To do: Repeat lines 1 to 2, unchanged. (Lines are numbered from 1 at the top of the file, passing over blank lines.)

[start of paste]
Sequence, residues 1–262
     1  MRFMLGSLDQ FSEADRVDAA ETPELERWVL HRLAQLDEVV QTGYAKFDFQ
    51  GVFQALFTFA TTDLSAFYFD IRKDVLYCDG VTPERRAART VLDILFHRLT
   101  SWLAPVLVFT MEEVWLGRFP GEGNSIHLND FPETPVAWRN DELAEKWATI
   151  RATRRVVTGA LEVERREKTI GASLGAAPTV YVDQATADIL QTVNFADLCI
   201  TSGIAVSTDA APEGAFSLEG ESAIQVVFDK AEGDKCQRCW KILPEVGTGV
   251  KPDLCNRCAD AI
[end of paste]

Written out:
Sequence, residues 1–262
     1  MRFMLGSLDQ FSEADRVDAA ETPELERWVL HRLAQLDEVV QTGYAKFDFQ